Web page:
A Manifesto by Grenzfurthner
and thoughts advance or grow out from the middle, and that's where you
have to get to work, that's where everything unfolds.
("On Leibnitz", Gilles Deleuze)
A specific use is
never inherent to an object, even though technical demagogues like to
claim that it is (cf. the term "self-explanatory" and the term
"archeological find"). Instead, the use is concatenated with
the object through definition ("instructions for use"). Turning
an object against the use inscribed in it (as sociolect of the world of
things) means probing its possibilities. Indeed, I would like to pound
in a nail with a power drill, but at the moment the fear of freedom and
fear of responsibility predominate ...
Why do I write this?
... I came across a book. "Tales from the Tech Line". The subtitle
identified it as "Hilarious Strange-But-True Stories from the Computer
Industry's Technical Support Hotlines" (Berkeley Books, NY).
In it there are stories about people who ask in software shops about "Word
for Gameboy". Or people who think their Netscape beta version doesn't
work because they have a VHS computer. Or those who evacuate their house
because of an Apple error message with the bomb icon. Or those who think
the mouse is a foot pedal. Or those who punch holes into their diskettes
to put them in a binder – or simply think that the CD-ROM drive
is a coffee cup holder.
Tech: All right. Now
I'd like you to quit any programs you're running, and close any windows
you've got open.
Caller: Well, OK ... There are only two windows here in the basement,
and they're both already closed.
Tech: No, no – the windows on your screen ...
One might think this
is poking fun at others. That probably was roughly the intention of the
publishers as well – a few laughs at someone else's expense. A baleful
grin for the woefully stupid. Taking "delight" in the ignorance
of those not in the know, the smugly esoteric giggle of the cognoscenti.
It is a joke collection for the happy "winners" of the digital
two-class society. "Get wired or you are toast." Even the field
of humor appears to be trimmed to productivity.
But wait! Let's change the reading! These Luddites(*) of inability are
the saving clog in the cogs of the machinery of progress; the human factor
in the simple-mindedness of the programmers of our future. Inability is
glorious, unknowing is a virtually miraculous deceleration, a sneer at
the high-speed processes of our capitalist-technological world. Oh dear,
dear people! Honorable failures! The clicking of your keyboards is the
erosive crank of the anthropophagous meat grinder that your doing wears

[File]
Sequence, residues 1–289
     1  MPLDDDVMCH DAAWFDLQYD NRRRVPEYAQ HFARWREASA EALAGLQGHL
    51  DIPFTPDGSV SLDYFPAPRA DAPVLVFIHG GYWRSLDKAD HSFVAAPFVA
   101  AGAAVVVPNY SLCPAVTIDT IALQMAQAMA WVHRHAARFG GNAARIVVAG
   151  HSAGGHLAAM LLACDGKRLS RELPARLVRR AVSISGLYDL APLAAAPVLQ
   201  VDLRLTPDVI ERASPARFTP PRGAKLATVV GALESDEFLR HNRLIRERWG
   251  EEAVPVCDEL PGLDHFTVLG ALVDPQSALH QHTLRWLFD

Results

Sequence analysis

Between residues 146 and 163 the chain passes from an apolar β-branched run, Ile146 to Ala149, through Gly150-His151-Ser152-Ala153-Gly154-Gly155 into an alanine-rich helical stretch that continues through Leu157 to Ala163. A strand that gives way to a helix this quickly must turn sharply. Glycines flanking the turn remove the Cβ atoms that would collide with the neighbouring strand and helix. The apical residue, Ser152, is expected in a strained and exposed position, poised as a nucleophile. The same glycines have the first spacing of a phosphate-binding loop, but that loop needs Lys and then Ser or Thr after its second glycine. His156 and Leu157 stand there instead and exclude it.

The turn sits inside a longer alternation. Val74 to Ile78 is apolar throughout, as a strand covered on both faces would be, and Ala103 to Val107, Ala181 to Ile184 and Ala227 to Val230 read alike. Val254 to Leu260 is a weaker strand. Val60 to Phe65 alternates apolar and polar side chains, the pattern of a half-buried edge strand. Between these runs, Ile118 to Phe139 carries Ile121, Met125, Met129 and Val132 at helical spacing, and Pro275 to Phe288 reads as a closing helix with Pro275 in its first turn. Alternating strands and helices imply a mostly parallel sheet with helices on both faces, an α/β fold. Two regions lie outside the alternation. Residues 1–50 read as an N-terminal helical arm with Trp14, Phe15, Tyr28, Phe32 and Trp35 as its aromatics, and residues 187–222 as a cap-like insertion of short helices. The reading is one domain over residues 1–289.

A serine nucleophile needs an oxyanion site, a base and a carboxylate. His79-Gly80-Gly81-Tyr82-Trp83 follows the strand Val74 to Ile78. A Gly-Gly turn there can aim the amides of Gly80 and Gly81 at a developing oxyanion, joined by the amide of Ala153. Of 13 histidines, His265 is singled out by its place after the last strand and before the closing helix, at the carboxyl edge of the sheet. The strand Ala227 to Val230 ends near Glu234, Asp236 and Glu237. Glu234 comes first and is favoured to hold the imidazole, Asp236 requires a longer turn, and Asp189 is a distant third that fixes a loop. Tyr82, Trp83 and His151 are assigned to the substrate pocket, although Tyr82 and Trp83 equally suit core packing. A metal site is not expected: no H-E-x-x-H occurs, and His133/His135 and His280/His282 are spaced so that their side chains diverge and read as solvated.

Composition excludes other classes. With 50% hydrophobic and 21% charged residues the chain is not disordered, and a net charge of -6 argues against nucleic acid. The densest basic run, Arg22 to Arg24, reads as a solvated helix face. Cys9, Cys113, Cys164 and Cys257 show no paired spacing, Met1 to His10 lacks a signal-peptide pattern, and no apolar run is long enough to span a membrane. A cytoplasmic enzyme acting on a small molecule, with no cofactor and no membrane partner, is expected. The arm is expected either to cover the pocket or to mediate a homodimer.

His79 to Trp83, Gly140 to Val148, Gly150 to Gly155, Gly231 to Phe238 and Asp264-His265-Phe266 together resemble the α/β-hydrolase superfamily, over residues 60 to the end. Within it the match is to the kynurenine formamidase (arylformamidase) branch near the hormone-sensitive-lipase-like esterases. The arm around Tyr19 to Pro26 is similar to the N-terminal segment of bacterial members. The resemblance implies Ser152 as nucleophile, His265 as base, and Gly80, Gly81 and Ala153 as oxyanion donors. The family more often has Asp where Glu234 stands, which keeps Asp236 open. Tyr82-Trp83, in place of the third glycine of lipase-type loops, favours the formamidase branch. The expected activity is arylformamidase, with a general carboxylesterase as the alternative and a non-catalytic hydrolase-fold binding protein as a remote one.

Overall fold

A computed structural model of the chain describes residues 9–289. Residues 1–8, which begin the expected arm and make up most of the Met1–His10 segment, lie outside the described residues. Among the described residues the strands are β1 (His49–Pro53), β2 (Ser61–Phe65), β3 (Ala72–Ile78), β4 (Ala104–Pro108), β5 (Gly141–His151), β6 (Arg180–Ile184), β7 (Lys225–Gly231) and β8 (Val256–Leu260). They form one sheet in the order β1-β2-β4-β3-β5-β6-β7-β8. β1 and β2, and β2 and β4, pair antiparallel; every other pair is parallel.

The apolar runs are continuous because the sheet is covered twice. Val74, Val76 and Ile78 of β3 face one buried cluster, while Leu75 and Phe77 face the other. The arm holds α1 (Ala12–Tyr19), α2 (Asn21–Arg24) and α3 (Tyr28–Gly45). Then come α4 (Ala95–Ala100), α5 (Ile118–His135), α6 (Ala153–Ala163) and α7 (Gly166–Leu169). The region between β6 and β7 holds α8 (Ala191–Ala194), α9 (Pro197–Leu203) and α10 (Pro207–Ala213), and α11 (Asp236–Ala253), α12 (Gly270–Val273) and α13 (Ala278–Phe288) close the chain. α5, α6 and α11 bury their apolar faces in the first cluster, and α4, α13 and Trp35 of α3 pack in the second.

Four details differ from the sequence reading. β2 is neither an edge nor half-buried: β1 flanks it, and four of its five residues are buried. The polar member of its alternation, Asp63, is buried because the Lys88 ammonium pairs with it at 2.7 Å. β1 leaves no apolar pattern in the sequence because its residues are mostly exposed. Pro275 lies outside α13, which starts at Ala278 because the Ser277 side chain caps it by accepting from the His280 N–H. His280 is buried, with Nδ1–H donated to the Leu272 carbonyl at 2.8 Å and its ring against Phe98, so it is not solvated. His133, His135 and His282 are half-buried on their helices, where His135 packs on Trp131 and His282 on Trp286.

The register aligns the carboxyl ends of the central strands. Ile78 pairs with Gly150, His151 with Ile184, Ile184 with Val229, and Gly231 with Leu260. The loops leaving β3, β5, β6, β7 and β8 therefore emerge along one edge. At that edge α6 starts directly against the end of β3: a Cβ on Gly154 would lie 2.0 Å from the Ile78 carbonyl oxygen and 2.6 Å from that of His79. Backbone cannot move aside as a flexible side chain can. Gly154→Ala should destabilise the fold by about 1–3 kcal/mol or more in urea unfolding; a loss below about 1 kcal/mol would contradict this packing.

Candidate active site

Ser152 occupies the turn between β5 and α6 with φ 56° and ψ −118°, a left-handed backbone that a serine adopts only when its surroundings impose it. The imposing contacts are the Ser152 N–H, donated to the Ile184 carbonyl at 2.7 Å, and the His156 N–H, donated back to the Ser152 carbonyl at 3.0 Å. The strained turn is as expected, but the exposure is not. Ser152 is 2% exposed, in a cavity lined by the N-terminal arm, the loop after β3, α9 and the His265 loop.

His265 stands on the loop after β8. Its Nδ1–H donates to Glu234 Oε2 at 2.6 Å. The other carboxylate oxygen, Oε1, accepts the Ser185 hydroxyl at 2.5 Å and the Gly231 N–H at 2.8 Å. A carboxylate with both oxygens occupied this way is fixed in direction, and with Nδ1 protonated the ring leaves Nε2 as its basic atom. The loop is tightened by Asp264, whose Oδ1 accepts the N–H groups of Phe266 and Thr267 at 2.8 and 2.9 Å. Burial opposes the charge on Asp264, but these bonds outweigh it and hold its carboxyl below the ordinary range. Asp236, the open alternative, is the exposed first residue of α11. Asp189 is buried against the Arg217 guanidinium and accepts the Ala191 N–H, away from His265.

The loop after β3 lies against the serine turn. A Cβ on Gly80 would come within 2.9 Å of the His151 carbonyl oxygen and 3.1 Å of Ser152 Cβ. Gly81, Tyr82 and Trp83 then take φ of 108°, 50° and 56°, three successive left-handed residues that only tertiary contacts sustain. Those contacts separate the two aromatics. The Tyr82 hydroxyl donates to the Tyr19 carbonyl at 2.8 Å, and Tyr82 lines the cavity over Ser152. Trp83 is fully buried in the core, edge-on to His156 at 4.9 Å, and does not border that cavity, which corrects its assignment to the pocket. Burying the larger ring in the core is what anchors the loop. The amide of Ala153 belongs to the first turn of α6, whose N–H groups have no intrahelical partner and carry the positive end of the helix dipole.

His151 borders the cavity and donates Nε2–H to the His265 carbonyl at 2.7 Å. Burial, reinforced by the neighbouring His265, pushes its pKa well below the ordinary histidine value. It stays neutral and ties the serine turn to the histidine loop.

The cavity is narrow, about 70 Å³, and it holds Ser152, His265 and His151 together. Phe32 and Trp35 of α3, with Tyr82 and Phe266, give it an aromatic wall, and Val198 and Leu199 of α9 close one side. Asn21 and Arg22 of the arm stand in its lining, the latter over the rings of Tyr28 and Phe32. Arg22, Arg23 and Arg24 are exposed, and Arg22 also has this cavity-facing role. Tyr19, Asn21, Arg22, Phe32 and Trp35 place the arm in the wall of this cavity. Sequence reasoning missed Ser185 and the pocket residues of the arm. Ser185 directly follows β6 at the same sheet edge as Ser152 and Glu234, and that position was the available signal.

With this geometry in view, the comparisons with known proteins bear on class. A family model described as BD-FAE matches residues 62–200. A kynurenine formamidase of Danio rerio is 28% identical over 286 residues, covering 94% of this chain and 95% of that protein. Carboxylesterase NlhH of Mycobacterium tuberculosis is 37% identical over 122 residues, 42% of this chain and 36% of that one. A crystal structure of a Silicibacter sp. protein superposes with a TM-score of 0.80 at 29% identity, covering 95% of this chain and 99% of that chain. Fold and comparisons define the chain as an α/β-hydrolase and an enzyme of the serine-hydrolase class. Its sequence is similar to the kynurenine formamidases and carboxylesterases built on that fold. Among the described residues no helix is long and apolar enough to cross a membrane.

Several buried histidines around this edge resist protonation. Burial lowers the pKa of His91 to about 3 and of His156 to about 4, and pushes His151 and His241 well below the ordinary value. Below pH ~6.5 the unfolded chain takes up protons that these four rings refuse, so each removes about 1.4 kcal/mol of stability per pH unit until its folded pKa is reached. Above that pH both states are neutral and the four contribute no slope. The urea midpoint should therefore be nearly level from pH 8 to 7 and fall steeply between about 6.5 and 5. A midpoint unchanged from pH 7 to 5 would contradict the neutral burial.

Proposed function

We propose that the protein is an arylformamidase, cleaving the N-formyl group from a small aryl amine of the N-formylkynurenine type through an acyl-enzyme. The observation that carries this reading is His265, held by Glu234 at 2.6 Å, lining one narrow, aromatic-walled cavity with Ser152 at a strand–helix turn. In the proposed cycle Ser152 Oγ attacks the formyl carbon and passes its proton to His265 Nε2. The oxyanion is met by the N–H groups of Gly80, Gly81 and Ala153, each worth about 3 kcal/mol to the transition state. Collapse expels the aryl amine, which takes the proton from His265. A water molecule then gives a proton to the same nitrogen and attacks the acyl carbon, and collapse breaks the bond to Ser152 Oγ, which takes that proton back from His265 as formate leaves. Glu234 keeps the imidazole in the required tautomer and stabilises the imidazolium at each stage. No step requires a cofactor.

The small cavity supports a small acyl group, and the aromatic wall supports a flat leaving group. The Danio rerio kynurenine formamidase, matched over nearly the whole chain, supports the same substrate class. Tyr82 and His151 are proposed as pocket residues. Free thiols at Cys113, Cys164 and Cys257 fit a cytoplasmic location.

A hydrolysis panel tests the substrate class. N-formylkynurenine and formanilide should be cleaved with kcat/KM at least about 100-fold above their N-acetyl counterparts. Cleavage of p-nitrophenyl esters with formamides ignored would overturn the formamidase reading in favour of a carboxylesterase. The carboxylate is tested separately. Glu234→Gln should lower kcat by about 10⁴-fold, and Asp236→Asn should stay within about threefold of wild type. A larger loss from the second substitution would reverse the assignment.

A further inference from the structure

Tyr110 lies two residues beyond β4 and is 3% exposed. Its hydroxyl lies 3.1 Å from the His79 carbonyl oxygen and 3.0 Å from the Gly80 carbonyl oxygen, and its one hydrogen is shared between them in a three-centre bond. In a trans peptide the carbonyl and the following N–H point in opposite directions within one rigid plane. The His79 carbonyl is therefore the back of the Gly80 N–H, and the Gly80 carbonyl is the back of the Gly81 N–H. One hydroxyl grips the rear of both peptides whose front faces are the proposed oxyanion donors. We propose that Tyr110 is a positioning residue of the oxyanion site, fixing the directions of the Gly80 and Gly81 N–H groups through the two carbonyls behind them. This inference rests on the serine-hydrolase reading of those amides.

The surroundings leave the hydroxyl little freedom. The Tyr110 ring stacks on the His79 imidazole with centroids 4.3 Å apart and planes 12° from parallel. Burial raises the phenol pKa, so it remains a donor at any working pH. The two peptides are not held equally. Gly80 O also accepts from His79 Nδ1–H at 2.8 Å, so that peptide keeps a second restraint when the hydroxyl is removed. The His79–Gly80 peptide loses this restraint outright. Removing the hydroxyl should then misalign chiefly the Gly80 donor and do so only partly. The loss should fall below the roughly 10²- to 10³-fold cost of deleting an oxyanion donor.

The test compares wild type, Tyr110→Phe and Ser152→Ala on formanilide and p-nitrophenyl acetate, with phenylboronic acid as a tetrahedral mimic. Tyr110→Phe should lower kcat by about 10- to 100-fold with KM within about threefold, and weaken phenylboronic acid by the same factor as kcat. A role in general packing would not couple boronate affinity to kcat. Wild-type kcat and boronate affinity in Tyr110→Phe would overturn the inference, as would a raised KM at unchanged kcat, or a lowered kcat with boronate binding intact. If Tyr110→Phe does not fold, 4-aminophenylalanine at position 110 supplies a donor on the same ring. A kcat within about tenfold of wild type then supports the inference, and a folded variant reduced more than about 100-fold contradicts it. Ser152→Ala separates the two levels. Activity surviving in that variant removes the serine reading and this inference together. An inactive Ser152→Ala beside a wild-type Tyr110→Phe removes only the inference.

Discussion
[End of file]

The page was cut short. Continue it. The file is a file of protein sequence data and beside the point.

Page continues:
out. Your "approach" – the way you use your computer –
makes corporate bosses cry and sublimates capitalism with the procession
of GRAND EMOTIONS into top management.
The information age is an age of permanently getting stuck. Greater and
greater speed is demanded. New software, new hardware, new structures,
new cultural techniques. Life-long learning? Yes. But the company can't
fire the secretary every six months, just because she can't cope with
the new version of Excel. They can count their keystrokes, measure their
productivity ... but! They will never be able to sanction their inability!
NEVER! Because that is immanent.
The Peter Principle has to be applied to humanity as a whole, too: one
rises higher and higher in the hierarchy of life - until one reaches a
point where one will no longer be promoted, because one is simply too
incapable for a new climb. One has reached the level of incompetence,
where one will ultimately perish miserably. Nothing other than a conspiracy
of ignorance, both natural and artificially and artfully cultivated, can
save us from the last step into a world that we no longer understand,
because it couldn't care less about us. Endless possibilities for failure
await us. These people cannot be laughed; on the contrary: these stories
should be read as a eulogy in honor of dissidence:
The staff member who complains about the fragility of the extendable coffee
cup holder "24x" on his PC is the fevered nightmare of the manual
author thinking he has almost reached a didactic breakthrough. And just
imagine the moment of epistemological panic, in which his boss' world
collapses, as he is forced to recognize that it would have been better
to spend the money for developing his CD-ROM drive on a pleasant celebration
with friends, because his system, disastrously determined in principal
and transbiologically by human consciousness, CANNOT be perceived in the
interpretation provided for it. His life work is a coffee cup holder,
and he expires in mental derangement. And his company with him.
Someone I know recently
defined a personally spoken sample as the standard error sound in WinNT
with the text "Just piss off". Although this is hardly congenial
and certainly irritating after some time, it is more than apt. So be it:
go forth and make mistakes - small ones and big, nice ones and stupid,
trivial and catastrophic. And while we are at it: be sure to watch your
(*) Erudite annotation:
the English Luddites and German machine wreckers of the 19th century defended
themselves against new machines in the textile industry, which impinged
on their work, wages or status.